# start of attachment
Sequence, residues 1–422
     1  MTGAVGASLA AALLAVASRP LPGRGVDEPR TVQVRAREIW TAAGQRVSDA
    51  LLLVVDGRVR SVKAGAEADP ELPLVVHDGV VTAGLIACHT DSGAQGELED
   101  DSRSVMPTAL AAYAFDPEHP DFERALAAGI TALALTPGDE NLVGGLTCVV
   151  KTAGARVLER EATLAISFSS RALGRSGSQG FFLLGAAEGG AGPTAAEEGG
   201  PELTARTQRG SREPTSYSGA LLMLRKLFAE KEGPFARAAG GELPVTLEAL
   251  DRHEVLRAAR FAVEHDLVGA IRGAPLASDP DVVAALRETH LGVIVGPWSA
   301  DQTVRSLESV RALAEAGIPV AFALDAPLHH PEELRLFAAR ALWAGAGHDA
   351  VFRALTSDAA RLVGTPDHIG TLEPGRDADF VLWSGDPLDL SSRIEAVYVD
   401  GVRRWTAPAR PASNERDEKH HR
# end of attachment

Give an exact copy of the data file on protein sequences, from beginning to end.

Sequence, residues 1–422
     1  MTGAVGASLA AALLAVASRP LPGRGVDEPR TVQVRAREIW TAAGQRVSDA
    51  LLLVVDGRVR SVKAGAEADP ELPLVVHDGV VTAGLIACHT DSGAQGELED
   101  DSRSVMPTAL AAYAFDPEHP DFERALAAGI TALALTPGDE NLVGGLTCVV
   151  KTAGARVLER EATLAISFSS RALGRSGSQG FFLLGAAEGG AGPTAAEEGG
   201  PELTARTQRG SREPTSYSGA LLMLRKLFAE KEGPFARAAG GELPVTLEAL
   251  DRHEVLRAAR FAVEHDLVGA IRGAPLASDP DVVAALRETH LGVIVGPWSA
   301  DQTVRSLESV RALAEAGIPV AFALDAPLHH PEELRLFAAR ALWAGAGHDA
   351  VFRALTSDAA RLVGTPDHIG TLEPGRDADF VLWSGDPLDL SSRIEAVYVD
   401  GVRRWTAPAR PASNERDEKH HR